Rafizi Ramli dan agenda generasi reformasi

Pengumuman rakan lama saya, Rafizi Ramli untuk bertanding jawatan Ketua Angkatan Muda Keadilan Malaysia dalam pemilihan Parti Keadilan Rakyat 2010 telah menarik pelbagai reaksi daripada teman-teman anggota Keadilan.

Pelbagai tuduhan dilontarkan terhadap Rafizi. Pertama, bahawa beliau adalah orang baru. Apabila hujah ini disangkalkan memandangkan beliau terlibat dalam Reformasi sejak hari pertama dan merupakan Exco Pemuda Keadilan 2001-2003, timbul pula persoalan beliau adalan calon dari “atas” dan menidakkan peranan Reformis. Akhir sekali ramai pula membangkitkan mengapa beliau mengundur diri selepas 2003 dan kembali hanya pada 2009.

Soal Rafizi menidakkan peranan Reformis bagi saya tak pernah timbul. Pendirian Rafizi sejak menawarkan dirinya untuk pemilihan Ketua AMK adalah AMK sebagai sayap anak muda parti harus melebarkan sokongan bagi memastikan 4.6 juta pengundi muda menjadi kunci kemenangan Keadilan dan Pakatan Rakyat untuk sampai ke Putrajaya.

Kata-kata beliau agar kita keluar dari “sentimentaliti melampau” mengundang kontroversi. Tetapi itu turut peringatan untuk dirinya juga, memandangkan Rafizi terlibat di demonstrasi jalanan sejak hari pertama Datuk Seri Anwar Ibrahim dipecat. Malah sebelum pemecatan Anwar lagi Rafizi memainkan peranan sebagai Presiden Majlis Tertinggi Pelajar-Pelajar Malaysia di United Kingdom (UKEC) untuk menggiatkan hubungan dengan Persatuan Kebangsaan Pelajar Islam Malaysia (PKPIM) dan Gabung Mahasiswa Islam Se-Malaysia (GAMIS).

Antara risalah terawal ketika Reformasi meletus, Suara Mahasiswa ditulis oleh beliau sendiri.

Memang benar beliau kemudian terpaksa kembali ke Britain untuk menghabiskan pengajiannya. Pada waktu itulah saya ingat beliau mula menghubungi saya dan meminta saya menulis untuk laman Reformasi. Beliau menggerakkan Keadilan Antarabangsa Eropah serta Free Anwar Campaign bersama-sama Raja Petra Kamarudin serta memainkan peranan di dalam Pemuda Keadilan. Habis sahaja pengajiannya sebagai jurutera dan akauntan bertauliah, beliau pulang ke Malaysia menerusi Singapura memandangkan kepimpinan Pemuda Keadilan pada ketika itu mendapat maklumat bahawa beliau akan ditahan sekiranya memasuki melalui KLIA. Faris Musa (kini Timbalan Ketua AMK) lah yang membawa beliau pulang pada waktu itu.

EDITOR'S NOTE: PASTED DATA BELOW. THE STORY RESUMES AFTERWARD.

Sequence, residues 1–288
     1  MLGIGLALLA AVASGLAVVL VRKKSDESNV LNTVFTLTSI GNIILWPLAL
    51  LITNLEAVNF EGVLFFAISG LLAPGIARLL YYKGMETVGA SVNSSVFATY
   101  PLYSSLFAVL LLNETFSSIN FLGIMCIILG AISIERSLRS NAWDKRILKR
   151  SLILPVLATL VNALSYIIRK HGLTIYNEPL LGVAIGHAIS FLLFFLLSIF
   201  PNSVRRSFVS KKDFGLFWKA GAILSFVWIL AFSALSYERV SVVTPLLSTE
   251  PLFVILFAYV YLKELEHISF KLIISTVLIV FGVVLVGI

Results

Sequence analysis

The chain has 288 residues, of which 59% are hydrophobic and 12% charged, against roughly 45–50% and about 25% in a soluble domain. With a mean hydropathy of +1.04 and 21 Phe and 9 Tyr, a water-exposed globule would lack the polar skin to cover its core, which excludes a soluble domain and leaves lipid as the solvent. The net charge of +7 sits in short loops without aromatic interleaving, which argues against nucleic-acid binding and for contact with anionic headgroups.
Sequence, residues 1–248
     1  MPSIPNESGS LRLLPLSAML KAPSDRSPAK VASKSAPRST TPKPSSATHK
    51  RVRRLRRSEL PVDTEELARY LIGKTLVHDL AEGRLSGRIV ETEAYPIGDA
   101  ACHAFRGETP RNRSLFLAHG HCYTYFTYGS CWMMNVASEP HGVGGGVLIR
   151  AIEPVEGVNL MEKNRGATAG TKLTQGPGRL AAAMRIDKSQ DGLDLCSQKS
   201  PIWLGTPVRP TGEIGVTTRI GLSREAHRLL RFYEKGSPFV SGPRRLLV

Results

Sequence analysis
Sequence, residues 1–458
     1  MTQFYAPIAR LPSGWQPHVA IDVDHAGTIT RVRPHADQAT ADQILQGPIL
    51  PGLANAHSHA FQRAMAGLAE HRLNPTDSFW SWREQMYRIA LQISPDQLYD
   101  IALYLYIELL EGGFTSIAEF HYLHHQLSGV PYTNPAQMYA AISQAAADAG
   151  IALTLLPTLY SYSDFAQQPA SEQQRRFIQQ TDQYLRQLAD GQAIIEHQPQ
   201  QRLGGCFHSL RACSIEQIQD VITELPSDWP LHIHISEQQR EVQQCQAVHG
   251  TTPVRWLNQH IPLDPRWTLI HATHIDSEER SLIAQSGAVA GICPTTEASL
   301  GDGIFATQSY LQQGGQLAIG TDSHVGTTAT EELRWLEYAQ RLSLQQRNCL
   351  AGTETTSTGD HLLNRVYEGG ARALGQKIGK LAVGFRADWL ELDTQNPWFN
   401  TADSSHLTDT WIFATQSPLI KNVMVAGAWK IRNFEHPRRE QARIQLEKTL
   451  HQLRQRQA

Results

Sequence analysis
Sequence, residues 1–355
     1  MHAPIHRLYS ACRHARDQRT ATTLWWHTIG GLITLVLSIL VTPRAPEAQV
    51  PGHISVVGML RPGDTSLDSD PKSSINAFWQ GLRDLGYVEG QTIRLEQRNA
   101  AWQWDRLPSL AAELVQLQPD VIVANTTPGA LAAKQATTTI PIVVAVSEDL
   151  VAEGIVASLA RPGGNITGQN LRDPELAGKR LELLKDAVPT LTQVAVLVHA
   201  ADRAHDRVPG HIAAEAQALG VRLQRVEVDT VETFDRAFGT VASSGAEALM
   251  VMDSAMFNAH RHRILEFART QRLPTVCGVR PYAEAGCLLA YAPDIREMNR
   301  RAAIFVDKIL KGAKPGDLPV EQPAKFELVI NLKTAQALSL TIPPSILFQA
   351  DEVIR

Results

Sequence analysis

Perletakan jawatan beliau sebagai Ahli Majlis Pimpinan Tertinggi dan Exco Pemuda Keadilan pada 2003 juga dibuat di atas dasar prinsip. Waktu itu Ezam Md Noor sebagai Ketua Pemuda telah cuba memaksa Pemuda menerima kemasukan wanita ke dalam entiti baru AMK berikutan penggabungan dengan Parti Rakyat Malaysia. Apa yang dibangkitkan Rafizi ialah keputusan tersebut dibuat tanpa perbincangan dengan akar-umbi. Saya sendiri berbeza pendapat dengan beliau pada waktu itu apabila beliau bersama-sama Allahyarham Adlan Benan Omar bertemu saya memaklumkan keputusan tersebut.

Namun beliau tidak seperti beberapa individu lain, termasuk Ketua AMK ketika itu yang akhirnya khianat pada perjuangan. Beliau meletak jawatan atas prinsip dan terus membantu rakan-rakan di dalam parti seperti Saiful Izham Ramli dan YB Nurul Izzah Anwar sekalipun menumpukan tumpuannya kepada kerjaya. Beliau tidak menjual maruahnya untuk menyerang parti. Malah kerjaya korporatnya yang cukup cemerlang pada usia begitu muda kini menjadi aset yang begitu berguna untuk Keadilan bagi memberikan perspektif berbeza berbanding dengan anak muda yang hampir sepenuh masa kerjayanya berada di dalam politik (termasuk saya sendiri).

Lebih menarik lagi beliau turut menyumbang idea kepada Anwar dalam Debat Harga Minyak dengan Datuk Ahmad Shabery Cheek pada 2008 dahulu. Akhirnya pada 2009 Rafizi mengambil keputusan meninggalkan kerjaya korporatnya untuk bersama parti.